By not attacking Mr. Earley as an extremist on social issues, Mr. Warner is deliberately breaking with the game plan Democrats have used, mostly without success, in statewide elections for many years, said Virginia Commonwealth University political scientist Robert Holsworth.
"I think Warner would prefer to run his campaign targeted at people who have not voted Democratic in a while, and he thinks social issues have a potentially polarizing effect," Mr. Holsworth said. "He doesn't necessarily believe that highlighting these as prime dividing points between Democrats and Republicans works for the Democrats in Virginia."
Mr. Earley is an unusually difficult target for Democrats on race issues. He is a longtime member of the National Association for the Advancement of Colored People, and he enjoys an easy rapport with many other minority groups, especially Asians, from his service as a missionary in the Philippines.
Neither candidate is inclined to honor the Old South with proclamations, as Virginia's governors have for years. By proclaiming April 2000 as Confederate Heritage Month, Gov. James S. Gilmore III prompted threats of a statewide economic boycott by the NAACP. This year's proclamation honoring Rebel and Yankee alike brought impassioned scorn from Confederate heritage groups.
Mr. Earley said he would "de-emphasize the whole idea of the governor proclaiming months and weeks for different things and let organizations that want to do their thing, do their thing."
A white-supremacist group denounced Mr. Earley's NAACP membership and urged its backers to write in Gen. Robert E. Lee on their ballots this fall. The Sons of Confederate Veterans assailed Mr. Earley for battling in federal court as attorney general against a special SCV license plate bearing the Confederate battle flag.
Mr. Warner enjoys broad support from black voters. Twelve years ago, he managed the campaign of the only black American ever elected governor: Virginia's L. Douglas Wilder. He speaks Spanish and has used it campaigning in Northern Virginia, which has a flourishing Hispanic population.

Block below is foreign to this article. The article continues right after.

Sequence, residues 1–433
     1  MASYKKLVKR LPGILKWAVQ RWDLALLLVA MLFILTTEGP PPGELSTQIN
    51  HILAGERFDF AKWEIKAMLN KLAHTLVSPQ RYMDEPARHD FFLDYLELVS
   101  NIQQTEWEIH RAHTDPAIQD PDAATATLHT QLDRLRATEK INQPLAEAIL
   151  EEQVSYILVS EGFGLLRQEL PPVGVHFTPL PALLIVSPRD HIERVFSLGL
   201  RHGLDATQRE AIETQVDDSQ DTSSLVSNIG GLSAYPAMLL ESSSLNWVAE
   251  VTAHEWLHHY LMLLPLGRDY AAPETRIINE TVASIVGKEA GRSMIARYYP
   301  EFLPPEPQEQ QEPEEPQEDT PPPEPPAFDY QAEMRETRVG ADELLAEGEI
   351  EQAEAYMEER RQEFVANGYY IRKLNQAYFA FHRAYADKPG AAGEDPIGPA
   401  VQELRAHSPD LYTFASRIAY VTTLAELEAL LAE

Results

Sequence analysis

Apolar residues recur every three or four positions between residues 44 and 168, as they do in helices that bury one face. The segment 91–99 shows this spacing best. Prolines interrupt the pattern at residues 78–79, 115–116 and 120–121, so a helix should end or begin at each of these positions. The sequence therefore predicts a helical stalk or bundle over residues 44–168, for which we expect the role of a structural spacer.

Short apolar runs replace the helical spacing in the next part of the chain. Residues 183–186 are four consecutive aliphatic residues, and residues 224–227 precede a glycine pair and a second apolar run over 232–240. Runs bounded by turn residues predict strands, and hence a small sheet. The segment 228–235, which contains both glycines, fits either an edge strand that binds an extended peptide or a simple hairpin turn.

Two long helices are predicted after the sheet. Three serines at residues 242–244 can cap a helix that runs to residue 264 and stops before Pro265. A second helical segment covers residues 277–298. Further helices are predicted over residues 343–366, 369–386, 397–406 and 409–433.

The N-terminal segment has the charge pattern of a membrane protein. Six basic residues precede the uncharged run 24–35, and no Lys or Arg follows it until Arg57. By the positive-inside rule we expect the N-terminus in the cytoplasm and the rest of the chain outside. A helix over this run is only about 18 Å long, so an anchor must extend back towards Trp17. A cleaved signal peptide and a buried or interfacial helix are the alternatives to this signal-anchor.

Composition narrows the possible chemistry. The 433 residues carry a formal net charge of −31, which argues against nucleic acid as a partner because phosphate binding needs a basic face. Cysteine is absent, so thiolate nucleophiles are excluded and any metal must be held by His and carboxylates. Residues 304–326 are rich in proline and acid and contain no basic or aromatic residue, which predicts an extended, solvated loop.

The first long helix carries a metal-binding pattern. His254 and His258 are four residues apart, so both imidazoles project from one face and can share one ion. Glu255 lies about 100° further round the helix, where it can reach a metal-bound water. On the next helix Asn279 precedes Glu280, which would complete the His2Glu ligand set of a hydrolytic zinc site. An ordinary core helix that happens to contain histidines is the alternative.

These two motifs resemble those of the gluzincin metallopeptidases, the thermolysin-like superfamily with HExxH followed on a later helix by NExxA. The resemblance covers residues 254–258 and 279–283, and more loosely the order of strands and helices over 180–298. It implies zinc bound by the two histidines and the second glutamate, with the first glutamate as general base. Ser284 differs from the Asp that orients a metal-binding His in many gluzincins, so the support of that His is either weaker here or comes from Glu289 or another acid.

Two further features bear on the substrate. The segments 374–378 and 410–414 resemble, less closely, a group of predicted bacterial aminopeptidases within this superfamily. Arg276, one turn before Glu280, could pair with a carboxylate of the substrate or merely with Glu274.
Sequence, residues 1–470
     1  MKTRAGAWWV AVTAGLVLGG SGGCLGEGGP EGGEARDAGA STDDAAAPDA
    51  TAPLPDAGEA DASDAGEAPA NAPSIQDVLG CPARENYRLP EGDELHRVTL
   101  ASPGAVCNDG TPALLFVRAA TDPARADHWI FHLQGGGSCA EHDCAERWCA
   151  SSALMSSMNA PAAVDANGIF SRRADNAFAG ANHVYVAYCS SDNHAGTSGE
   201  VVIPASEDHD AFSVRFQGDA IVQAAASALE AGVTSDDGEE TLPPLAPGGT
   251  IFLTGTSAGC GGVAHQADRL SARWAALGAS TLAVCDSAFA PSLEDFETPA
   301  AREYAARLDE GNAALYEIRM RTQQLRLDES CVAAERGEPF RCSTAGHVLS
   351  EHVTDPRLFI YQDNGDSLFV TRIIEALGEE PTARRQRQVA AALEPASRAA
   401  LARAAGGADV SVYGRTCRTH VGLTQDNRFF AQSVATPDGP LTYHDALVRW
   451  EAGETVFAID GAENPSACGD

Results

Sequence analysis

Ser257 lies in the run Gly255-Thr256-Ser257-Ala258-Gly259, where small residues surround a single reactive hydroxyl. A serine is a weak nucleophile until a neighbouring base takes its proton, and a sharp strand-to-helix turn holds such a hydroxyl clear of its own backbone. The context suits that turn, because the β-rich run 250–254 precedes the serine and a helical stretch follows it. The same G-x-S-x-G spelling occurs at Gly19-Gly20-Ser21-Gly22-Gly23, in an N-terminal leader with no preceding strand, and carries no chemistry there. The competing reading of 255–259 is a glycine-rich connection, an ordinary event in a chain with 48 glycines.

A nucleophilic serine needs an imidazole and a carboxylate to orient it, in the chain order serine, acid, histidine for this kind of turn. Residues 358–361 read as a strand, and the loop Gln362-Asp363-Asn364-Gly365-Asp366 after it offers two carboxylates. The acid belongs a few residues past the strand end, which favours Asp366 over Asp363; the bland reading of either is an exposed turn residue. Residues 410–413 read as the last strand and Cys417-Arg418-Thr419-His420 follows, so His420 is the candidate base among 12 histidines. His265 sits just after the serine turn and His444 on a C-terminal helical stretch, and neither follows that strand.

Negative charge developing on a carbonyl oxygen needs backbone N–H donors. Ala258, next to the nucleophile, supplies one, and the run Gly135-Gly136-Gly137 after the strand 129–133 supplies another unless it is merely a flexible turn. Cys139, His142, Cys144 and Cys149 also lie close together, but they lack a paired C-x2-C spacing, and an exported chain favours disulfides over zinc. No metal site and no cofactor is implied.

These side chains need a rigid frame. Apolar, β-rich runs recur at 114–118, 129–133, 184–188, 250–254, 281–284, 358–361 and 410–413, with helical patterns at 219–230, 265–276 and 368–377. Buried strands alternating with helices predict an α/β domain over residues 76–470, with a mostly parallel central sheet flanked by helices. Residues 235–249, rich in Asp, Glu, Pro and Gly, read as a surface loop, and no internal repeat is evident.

He flatly rejects the idea of a Confederacy proclamation. "I think there are ways we can honor our history and traditions without inflaming folks on either side," he said.
On the issue of sexual orientation, both oppose extending benefits to the partners of homosexual state employees.
Mr. Earley opposes adding homosexuals to the list of groups covered by Virginia's hate-crimes law.
"I think the whole idea of the hate-crimes laws is very problematic to begin with because my view is that any time there is a violent crime, it ought to be punished significantly and it ought to be punished severely," Mr. Earley said.
Mr. Warner said he would consider expanding hate-crimes law protection to homosexuals.
"I don't think that people should be discriminated against," he said.
Mr. Earley also said he would preserve Virginia's law that makes sodomy a crime. "I think the law has served Virginia well and the law is used in an appropriate fashion, to prohibit conduct that occurs in public, in public places, in ways that can be dangerous to public health in the community," he said.
Mr. Warner, however, was persistently evasive on the point. Asked repeatedly whether he backed repealing Virginia's anti-sodomy law, he grinned and gave the same answer three times: "I don't think that's going to pass the legislature any time soon."